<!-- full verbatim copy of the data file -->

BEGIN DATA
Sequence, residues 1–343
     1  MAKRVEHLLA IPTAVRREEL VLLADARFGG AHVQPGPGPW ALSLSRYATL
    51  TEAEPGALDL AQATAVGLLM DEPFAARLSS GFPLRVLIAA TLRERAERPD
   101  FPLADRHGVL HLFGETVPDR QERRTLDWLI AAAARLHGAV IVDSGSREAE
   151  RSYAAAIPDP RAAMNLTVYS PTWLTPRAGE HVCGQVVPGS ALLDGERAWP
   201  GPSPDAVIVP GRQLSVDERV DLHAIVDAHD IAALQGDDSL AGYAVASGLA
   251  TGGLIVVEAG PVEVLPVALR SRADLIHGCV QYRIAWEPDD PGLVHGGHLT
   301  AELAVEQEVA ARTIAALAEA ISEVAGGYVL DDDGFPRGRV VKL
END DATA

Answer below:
Sequence, residues 1–343
     1  MAKRVEHLLA IPTAVRREEL VLLADARFGG AHVQPGPGPW ALSLSRYATL
    51  TEAEPGALDL AQATAVGLLM DEPFAARLSS GFPLRVLIAA TLRERAERPD
   101  FPLADRHGVL HLFGETVPDR QERRTLDWLI AAAARLHGAV IVDSGSREAE
   151  RSYAAAIPDP RAAMNLTVYS PTWLTPRAGE HVCGQVVPGS ALLDGERAWP
   201  GPSPDAVIVP GRQLSVDERV DLHAIVDAHD IAALQGDDSL AGYAVASGLA
   251  TGGLIVVEAG PVEVLPVALR SRADLIHGCV QYRIAWEPDD PGLVHGGHLT
   301  AELAVEQEVA ARTIAALAEA ISEVAGGYVL DDDGFPRGRV VKL